T3. Chris Bosh 11.6

T3. Carlos Boozer 11.6

5. Dwight Howard 11.1

6. Joakim Noah 11.0

T7. Brendan Haywood 10.7

T7. Al Horford 10.7

T7. Zach Randolph 10.7

10. Emeka Okafor 10.5

 

I know it’s still very early in the season, and inevitably some of these names will fall out of the top ten. But as of right now, only three of the top ten rebounders have ever played in an all-star game (Bosh, Boozer, Howard).

 

Last year, six of the top ten rebounders have been all-stars. The year before that the number was five. Before that, it was eight.

 

What does it all mean? Probably nothing. Like I said, it’s still early.

 

But, it could mean that there has been a shift in the way teams are putting together their rosters.

 

Earlier in the decade, there seemed to be a real focus on finding big guys who could not only rebound, but contribute offensively as well. The logic behind that makes sense; you want a player that can do everything in your lineup.

Continue reading "New Era of NBA Bigs?"


Scott Shepherd

Fun With Box Scores posted by Scott Shepherd

In the NBA these days, it seems like there is a stat for everything. We’ve got PER, offensive efficiency ratings, defensive efficiency rating, and so on and so on.

It seems like every team in the league now employs their own stat guru. And while I’m not one to question the use of all these new statistics to evaluate NBA players (I actually kinda like them), I’m old school.

 

To me, all the new stats in the world can’t tell the story of an NBA game as well as the good, old fashioned box score.

 

Therefore, I’m starting a new feature today called “Fun With Box Scores”.

 

Every Monday, I’ll be posting some of the more interesting things that jumped out at me from the previous week’s box scores.

 

This week, they are, in no particular order:

 

The Cavs were +38 when LeBron was on the floor this week. They were -27 when he wasn’t.

 

Meanwhile, the Cavs were -3 when Shaq was on the floor and +19 when he wasn’t.

 

Rasheed Wallace took 8 shots on Wednesday…all three pointers. For the week, ‘Sheed attempted 36 shots. 25 of them were three pointers.

 

Danilo Gallinari was 8-16 from deep on Saturday. He was 1-6 on two-point shots. For the week he was 18-36 on three-point shots and 4-11 on two-point attempts.

 

Carmelo Anthony had 113 points in 116 minutes this week.

 

Greg Oden had 26 points in 99 minutes. He also had 19 fouls.

 

Speaking of fouls, Hasheem Thabeet had 8 in 24 minutes of play this week. In his defense, he did have four blocks, giving him a nice one block for every two fouls ratio.

Continue reading "Fun With Box Scores"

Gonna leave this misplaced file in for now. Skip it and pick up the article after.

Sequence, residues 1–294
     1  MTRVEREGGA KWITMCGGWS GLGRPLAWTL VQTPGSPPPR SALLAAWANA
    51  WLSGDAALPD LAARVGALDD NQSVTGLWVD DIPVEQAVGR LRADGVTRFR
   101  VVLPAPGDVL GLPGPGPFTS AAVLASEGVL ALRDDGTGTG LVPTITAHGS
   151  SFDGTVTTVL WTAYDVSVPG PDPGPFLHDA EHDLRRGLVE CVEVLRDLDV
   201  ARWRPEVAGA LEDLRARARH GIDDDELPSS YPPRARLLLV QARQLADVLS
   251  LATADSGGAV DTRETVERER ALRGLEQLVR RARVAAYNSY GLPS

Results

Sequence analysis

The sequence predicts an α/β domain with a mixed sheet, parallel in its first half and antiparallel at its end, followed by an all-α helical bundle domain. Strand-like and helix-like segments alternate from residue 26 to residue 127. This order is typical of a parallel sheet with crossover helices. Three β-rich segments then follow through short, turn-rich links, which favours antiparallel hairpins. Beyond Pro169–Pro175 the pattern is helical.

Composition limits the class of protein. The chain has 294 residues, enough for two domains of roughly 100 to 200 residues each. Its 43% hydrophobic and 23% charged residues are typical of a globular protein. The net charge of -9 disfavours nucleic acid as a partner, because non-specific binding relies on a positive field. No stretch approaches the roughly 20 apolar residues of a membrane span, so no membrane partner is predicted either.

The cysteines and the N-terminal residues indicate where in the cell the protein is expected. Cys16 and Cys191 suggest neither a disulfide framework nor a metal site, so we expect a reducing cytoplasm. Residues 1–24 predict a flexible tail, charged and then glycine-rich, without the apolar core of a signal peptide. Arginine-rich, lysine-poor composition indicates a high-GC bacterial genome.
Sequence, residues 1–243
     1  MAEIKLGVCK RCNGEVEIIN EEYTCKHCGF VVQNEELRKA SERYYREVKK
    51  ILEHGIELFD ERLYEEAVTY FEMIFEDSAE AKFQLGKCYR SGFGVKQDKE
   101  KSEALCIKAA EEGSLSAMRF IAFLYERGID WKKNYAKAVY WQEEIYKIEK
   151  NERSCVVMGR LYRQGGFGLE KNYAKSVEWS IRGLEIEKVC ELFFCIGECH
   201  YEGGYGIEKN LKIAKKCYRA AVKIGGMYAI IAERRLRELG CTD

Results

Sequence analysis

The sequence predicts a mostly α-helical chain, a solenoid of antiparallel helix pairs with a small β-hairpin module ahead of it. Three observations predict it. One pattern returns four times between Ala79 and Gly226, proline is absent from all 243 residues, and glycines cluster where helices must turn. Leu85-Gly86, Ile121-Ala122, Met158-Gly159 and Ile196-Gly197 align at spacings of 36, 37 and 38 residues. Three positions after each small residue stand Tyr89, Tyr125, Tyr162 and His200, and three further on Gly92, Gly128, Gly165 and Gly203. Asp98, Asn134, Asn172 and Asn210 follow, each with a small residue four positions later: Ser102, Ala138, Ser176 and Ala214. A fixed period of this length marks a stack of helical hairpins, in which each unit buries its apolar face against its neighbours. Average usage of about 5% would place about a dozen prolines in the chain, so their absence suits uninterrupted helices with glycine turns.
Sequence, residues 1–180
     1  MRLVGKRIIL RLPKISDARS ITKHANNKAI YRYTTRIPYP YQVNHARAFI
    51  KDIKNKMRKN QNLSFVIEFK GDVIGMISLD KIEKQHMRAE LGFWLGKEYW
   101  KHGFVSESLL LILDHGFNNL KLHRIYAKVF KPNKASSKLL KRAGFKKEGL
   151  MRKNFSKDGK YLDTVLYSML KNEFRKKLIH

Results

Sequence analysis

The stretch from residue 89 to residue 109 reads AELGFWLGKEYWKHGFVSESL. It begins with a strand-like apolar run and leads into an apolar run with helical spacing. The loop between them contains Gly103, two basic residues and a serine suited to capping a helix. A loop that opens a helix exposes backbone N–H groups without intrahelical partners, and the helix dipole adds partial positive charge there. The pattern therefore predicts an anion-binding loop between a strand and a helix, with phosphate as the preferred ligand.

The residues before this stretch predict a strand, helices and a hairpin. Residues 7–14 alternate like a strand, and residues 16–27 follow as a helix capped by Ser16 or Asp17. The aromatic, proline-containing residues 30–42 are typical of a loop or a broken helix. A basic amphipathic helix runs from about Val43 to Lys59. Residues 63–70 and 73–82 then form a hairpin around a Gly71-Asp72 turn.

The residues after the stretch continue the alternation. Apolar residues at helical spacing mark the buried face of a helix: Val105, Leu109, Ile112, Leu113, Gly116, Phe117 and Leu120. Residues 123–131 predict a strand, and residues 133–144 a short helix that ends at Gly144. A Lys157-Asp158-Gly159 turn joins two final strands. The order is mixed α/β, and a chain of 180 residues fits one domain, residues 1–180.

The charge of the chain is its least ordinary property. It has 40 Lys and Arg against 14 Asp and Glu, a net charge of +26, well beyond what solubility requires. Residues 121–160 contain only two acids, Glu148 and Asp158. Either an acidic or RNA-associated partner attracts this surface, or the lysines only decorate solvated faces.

Scott Shepherd

First Impressions posted by Scott Shepherd

The NBA season is officially underway (unless you live in Chicago or Milwaukee).

 

After several hours parked in front of the NBA League Pass for the past two days, it’s time for some first impressions.

 

The Good

 

Ty Lawson

 

How good was he last night? I predicted the Denver Nuggets to be the third best team in the West this season, and that was assuming that Ty Lawson would play like a rookie point guard.

But his 17 points, six assists, and four rebounds, plus very solid fourth quarter minutes in a close game against a decent Utah team, shows that he may be a real X factor for this team moving forward.

 

Brook Lopez

 

Lopez was a monster last night, finishing with 27 points, 15 rebounds, five blocks, and four assists. Of course, the Nets lost, mainly because they couldn’t hold off the mighty T’Wolves down the stretch, but it certainly wasn’t because of Lopez.

 

Los Angeles Lakers

 

I know they were playing the Clippers, but the champs didn’t miss a beat. This could have been the most lopsided seven-point game I’ve ever seen.

 

If it hadn’t been for the extended period in the second quarter where D.J. Mbenga tried to show his limitless range the Clippers would have lost by 20.

 

The Lakers starters (minus their second best player, Pau Gasol), were nothing short of dominant all game. They just toyed with the Clippers for most of the game, and clamped down where it mattered most.

 

Boston Celtics

 

Continue reading "First Impressions"


Ondre Baronette

Knick of hope posted by Ondre Baronette

Hey fellow Knicknews users, the new season is here, and if you need information from a person that has contact with the Knicks beat writer, I'm your guy. I will have news and information about The Knicks, after Newsday has it of course, both are owned by James Dolan, and Cablevision (Stock ticker (CVC), I'm covering all bases right now).

The Knicks will take on the Nets tomorow, 2pm, in Albany.It will give all of us, the first glance at the team that will take on this "hump year", one that is sure to leave the fans excited and in a frenzy. If the team makes the playoffs, free agency doesn't feel as bad, but if they miss it, then all the attention turns to attracting, two of the best players in the NBA, to their organization. Bringing back some MSG magic.

I think the team will be able to sneak in the back door of the playoffs this season and probably, take out a team like the Pistons. I'll write down how i think the East will shake out.

 East-      1) Clevland 3) Orlando 5) Atlanta 7) Detroit 

             2) Boston 4) Wizards 6) Miami8) New York

WEST- 1) Lakers  3) Dallas     5)Portland       7) New Orleans

           2) Denver  4)San Antonio  6) Uthah  8) Phoneix

 I think the Knicks can make it happen this year. I know that Detroit is not going play dead, but they did not get better with the loss of Rasheed Wallace, and the addition of Ben Gordon and Charlie Villanuvea, they are the same team essentially, or a tad better. Ben Gordon is a more team efficient Allen Iverson, and Villanueva, is a less defensive minded, 'Sheed. So, i think they might miss the playoffs, and take a ping pong ball in Draft '2010. Charlotte has a second year under Larry Brown, and they are also not better than their team of last year. Tyson Chandler can never stay on the court, and Eddy Curry might work best with Larry Brown, and I think Larry Brown might get productivity from him also. His and Tyson Chandler's salaries match up, but it doesn't help the cap-flexibility of either team any, so I don't think it would be that specific move. Chicago will try to ride the shoulder of Derrick Rose but I envision a scenario, where they fall short, and insert the Knicks. I know Charlotte wants that spot.